Do car accident settlements consider lost income if my injury affects my job?
Yes. You are entitled to demand that the at-fault driver (usually through his or her insurance carrier) pay for all of your economic losses that can be attributed to the car accident. So, if you’re unable to work because of injuries or medical treatment stemming from the accident -- or if you’ve missed out on any kind of income, for that matter -- you’re entitled to recover “lost income” as a component of any car accident settlement you receive.
Lost income damages will be figured into any settlement along with other economic damages such as past and future medical treatment and damage to your vehicle.
(Note: In the dozen or so “no fault” states, there is typically a limit on the amount of lost income reimbursement you can receive after a car accident. Learn more about No-Fault Car Insurance Claims.)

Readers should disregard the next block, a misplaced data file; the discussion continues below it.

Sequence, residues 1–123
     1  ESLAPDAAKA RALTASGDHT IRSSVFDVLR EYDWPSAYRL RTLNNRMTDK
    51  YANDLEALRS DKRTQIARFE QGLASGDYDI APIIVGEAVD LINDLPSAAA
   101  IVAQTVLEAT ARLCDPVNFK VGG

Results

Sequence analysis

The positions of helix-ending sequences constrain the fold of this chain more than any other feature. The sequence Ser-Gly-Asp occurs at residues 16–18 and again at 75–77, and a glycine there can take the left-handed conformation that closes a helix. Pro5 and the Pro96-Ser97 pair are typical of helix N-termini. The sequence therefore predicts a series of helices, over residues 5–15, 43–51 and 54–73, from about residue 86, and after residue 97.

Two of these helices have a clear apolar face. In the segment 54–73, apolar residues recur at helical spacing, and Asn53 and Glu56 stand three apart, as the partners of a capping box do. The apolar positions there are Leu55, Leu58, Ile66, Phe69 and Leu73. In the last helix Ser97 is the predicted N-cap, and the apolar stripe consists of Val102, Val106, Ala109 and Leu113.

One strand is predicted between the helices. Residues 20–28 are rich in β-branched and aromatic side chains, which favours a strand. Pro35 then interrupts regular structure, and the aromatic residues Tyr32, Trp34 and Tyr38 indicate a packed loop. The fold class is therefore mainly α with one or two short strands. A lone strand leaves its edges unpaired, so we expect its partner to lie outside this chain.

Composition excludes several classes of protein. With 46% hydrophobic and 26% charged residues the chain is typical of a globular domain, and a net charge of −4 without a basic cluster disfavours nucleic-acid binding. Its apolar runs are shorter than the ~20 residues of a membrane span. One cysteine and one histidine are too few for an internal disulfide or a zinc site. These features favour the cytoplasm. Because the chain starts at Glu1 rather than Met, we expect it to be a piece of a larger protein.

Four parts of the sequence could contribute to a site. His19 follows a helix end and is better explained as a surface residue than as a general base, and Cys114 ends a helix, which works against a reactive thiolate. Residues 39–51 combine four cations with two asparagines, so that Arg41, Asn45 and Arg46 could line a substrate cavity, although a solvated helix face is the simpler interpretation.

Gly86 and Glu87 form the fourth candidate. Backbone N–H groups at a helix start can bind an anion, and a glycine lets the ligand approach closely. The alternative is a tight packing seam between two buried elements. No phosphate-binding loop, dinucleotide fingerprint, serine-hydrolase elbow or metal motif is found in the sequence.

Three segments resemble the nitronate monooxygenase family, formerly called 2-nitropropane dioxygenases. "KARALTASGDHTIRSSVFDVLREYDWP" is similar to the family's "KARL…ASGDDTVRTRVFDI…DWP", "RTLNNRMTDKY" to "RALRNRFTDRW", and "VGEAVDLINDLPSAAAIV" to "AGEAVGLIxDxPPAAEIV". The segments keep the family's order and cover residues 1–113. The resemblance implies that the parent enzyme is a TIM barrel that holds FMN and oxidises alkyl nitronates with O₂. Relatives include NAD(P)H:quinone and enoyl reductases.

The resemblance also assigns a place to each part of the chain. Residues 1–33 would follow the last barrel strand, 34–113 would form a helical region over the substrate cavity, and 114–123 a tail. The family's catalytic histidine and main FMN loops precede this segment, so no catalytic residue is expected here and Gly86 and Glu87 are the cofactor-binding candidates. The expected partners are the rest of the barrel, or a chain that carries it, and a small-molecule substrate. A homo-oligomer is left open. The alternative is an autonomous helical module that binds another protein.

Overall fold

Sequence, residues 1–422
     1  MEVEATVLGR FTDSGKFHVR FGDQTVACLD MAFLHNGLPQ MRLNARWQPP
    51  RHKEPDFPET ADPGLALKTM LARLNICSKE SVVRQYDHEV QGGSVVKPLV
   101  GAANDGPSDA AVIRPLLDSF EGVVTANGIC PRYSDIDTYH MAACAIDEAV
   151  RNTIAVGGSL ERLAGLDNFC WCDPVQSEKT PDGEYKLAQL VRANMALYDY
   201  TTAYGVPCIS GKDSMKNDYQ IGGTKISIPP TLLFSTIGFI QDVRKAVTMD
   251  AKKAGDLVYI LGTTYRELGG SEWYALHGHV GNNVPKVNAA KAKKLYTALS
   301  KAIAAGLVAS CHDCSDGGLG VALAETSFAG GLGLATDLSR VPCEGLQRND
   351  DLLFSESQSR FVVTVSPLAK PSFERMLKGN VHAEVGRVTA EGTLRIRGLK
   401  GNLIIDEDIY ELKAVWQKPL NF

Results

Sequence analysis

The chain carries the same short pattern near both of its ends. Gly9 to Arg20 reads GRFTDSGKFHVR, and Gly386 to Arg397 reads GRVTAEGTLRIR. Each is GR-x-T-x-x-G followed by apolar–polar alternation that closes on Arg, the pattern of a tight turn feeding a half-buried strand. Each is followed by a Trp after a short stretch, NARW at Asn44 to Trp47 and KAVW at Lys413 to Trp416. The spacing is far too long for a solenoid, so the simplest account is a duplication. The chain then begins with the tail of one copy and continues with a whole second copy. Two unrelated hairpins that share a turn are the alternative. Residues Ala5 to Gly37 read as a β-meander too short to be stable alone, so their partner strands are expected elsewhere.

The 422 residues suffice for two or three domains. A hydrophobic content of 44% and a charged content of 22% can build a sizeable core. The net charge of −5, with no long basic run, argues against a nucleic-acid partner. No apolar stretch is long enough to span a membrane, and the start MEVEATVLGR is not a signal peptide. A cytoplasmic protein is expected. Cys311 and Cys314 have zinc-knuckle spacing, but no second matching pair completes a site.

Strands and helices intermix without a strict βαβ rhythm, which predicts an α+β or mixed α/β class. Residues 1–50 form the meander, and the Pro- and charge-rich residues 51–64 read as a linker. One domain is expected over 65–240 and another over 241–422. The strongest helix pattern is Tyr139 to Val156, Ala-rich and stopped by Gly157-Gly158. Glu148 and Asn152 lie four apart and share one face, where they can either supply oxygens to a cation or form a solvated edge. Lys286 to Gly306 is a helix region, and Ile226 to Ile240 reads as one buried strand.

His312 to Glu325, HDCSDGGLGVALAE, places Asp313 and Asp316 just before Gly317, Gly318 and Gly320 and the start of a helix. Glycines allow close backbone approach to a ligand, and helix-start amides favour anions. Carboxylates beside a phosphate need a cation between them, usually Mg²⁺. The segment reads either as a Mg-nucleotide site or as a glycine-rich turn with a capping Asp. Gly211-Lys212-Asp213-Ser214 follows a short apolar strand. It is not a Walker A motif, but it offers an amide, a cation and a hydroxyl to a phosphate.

But, like any other component of damages in a car accident case, you need to provide sufficient documentation of your lost income. If you have a full time job working for someone else, this is pretty easy to do. You can get records from your employer showing your regular pay rate, and the number of days and hours you missed because of your injuries (or because you had to attend medical appointments).
Even if you were able to use vacation, sick days, or other accrued paid time off (PTO) to cover your absence, you’re still entitled to get reimbursed for that time as lost income.
If you are self-employed or work only sporadically, it will be more of a challenge to prove your lost income. But you can gather any documentation that shows missed appointments, agreed-upon contracts or work orders, a drop in invoices or payments coming in, or anything else that shows work opportunities that you missed out on. You can also gather annual tax reports that show your income over recent years, and use those records to come up with a rough monthly income. (More: Checklist of Records to Gather After a Car Accident.)